out of wedlock

(redirected from in wedlock)

out(side) of wedlock

Without being married to the other person in question. I know my grandparents raised their eyebrows when my girlfriend and I had our son out of wedlock, but they've never been rude about it. Back in my day, it was pretty unheard of to even live with someone outside of wedlock.
See also: of, wedlock

out of wedlock

Of parents not legally married, as in Over the centuries many royal children were born out of wedlock. The noun wedlock, for the state of being married, is rarely heard today except in this phrase, first recorded in 1675; its converse, in wedlock, dates from the 1300s and is even more rarely used.
See also: of, out, wedlock

out of wedlock

Of parents not legally married to each other: born out of wedlock.
See also: of, out, wedlock
References in classic literature ?
But though Mrs Miller did not refrain from a short expostulation in private at their first meeting, yet the occasion of his being summoned downstairs that morning was of a much more agreeable kind, being indeed to perform the office of a father to Miss Nancy, and to give her in wedlock to Mr Nightingale, who was now ready drest, and full as sober as many of my readers will think a man ought to be who receives a wife in so imprudent a manner.
I stand a wretch, in birth, in wedlock cursed, A parricide, incestuously, triply cursed!
Though shocked and disappointed, I decided to remain in wedlock with him.
ISLAMABAD -- Justice Amir Hani Muslim has remarked a woman being a Muslim has every right of separation from her spouse if she does not like him and does not want to stay in wedlock with him.
Children were chattel of their fathers if born in wedlock, and chattel of their mothers if born out-of wedlock.
Prior to 1947, Canadian women who married non-British status men lost their Canadian status upon marriage; children were considered "property" of their fathers if born in wedlock, and property of their mothers if born out-of wedlock.
With Justice Powell writing for the majority, the Court stated that while strict scrutiny does not apply to classifications based on legitimacy, "[i]n a case like this, the Equal Protection Clause requires more than the mere incantation of a proper state purpose." (118) A state may classify children as born out of wedlock or in wedlock. However, when a state discriminates against the children based on the classification, such discrimination "depends upon the character of the discrimination and its relation to legitimate legislative aims." (119)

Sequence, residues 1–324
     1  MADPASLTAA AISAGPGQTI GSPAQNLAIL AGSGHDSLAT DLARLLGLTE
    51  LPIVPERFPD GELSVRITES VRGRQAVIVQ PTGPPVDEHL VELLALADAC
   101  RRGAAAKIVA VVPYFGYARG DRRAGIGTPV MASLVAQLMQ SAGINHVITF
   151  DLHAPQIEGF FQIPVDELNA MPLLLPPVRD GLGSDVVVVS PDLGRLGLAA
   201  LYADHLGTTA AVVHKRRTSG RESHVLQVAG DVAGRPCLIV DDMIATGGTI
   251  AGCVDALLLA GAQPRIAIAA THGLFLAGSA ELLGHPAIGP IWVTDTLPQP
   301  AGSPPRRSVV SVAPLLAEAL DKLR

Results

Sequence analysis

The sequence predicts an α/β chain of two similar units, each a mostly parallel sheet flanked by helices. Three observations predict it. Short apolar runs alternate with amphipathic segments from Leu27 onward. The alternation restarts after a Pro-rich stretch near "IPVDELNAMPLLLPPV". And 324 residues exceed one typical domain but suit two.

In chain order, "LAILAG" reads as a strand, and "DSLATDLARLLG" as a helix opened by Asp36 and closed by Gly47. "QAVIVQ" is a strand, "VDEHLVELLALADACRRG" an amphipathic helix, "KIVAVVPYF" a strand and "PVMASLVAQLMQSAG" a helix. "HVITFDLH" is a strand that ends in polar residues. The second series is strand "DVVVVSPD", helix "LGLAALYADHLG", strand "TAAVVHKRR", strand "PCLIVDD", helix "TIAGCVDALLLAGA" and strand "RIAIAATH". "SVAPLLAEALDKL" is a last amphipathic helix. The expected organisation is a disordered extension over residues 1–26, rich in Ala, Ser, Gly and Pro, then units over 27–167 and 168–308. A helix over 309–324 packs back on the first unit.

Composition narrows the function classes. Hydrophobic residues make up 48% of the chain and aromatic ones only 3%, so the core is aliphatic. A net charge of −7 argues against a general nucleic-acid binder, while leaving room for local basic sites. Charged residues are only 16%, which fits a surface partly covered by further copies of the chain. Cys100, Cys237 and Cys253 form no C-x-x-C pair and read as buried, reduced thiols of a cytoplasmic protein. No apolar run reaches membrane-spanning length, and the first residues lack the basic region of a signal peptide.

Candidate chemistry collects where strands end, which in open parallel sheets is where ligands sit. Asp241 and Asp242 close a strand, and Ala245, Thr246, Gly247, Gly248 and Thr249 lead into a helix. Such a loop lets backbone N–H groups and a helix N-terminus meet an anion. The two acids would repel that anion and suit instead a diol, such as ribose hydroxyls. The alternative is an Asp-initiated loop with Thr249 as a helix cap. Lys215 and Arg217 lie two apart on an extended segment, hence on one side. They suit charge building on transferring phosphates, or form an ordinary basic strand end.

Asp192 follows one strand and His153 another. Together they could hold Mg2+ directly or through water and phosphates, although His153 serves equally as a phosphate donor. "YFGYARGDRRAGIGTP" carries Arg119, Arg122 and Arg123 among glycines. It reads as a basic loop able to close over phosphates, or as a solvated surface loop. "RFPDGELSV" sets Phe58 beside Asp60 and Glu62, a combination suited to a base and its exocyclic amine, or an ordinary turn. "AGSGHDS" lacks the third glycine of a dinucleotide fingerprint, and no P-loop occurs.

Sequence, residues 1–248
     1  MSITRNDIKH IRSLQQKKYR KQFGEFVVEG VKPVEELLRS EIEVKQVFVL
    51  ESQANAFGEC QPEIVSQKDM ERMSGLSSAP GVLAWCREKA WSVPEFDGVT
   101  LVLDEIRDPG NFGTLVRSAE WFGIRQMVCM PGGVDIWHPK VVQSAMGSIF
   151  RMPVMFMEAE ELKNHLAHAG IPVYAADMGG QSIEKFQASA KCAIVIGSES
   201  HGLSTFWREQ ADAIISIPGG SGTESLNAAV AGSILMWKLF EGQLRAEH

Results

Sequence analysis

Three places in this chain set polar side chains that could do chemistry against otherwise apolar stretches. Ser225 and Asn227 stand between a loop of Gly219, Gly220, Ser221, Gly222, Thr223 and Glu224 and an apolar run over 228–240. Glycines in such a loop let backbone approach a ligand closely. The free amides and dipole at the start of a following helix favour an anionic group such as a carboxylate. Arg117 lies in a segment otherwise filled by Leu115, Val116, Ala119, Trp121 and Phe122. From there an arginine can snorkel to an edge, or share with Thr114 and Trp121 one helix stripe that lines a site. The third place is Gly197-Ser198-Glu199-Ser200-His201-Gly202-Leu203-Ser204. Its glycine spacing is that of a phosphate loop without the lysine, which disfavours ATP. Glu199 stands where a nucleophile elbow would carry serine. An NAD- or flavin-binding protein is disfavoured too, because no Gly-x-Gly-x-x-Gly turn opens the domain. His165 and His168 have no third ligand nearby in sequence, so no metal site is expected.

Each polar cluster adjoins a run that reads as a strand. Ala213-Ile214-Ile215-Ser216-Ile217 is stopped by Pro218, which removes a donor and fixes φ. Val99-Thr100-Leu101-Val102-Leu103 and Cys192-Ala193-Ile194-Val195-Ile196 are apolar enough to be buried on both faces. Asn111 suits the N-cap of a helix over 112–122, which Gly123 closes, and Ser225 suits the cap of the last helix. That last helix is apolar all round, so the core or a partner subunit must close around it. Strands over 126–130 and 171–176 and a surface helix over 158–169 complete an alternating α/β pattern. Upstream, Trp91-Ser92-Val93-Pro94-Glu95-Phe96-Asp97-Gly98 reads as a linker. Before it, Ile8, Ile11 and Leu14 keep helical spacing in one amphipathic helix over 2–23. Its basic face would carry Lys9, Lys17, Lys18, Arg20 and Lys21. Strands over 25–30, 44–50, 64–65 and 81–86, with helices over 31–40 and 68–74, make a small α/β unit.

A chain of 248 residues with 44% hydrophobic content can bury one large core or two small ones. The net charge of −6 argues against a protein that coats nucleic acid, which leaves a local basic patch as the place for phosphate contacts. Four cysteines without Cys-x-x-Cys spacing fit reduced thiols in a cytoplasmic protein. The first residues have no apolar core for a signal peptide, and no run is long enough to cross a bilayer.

I contend that the North Carolina statute violates the Equal Protection Clause of the Fourteenth Amendment, which "prohibits a state from granting rights to one class of citizens that are denied to another class of citizens." (137) "The definition of discrimination can be reduced to the idea that one person can have something [that] another person cannot have, and the only difference between the two is a specific characteristic." (138) Children born in wedlock have an automatic right to inheritance from their paternal relatives; children born out of wedlock do not.
Courts that have interpreted the Fourteenth Amendment and parallel clauses in state constitutions have held that "legislation may discriminate among classes as long as the burden imposed on the affected class is justifiable." (141) Although the distinction between "illegitimate" and "legitimate" children does not rise to the level of strict scrutiny, the United States Supreme Court used the standard of intermediate scrutiny in Trimble and Lalli and stated that intestate statutes that discriminate between children born in wedlock and out of wedlock must bear some substantial relationship to a legitimate state interest.
which governs citizenship by descent for children born in wedlock, makes
problems: it is generally clear when a child is born in wedlock and
being born in wedlock generally implies being biologically related to
Expensive weddings, lavish honeymoons and platinum wedding rings will all be cast aside as the proportion of couples in wedlock drops to 42% in 2033, down 7% on the latest statistics.
Such an offspring was termed a "natural child" (filho natural) and, in certain circumstances, he or she qualified as an heir, along with children born in wedlock and other relatives so born.
Currently, children born in wedlock are registered as ''eldest son'' or ''eldest daughter'' and so on, but those born out of wedlock are registered as simply ''female'' or ''male.''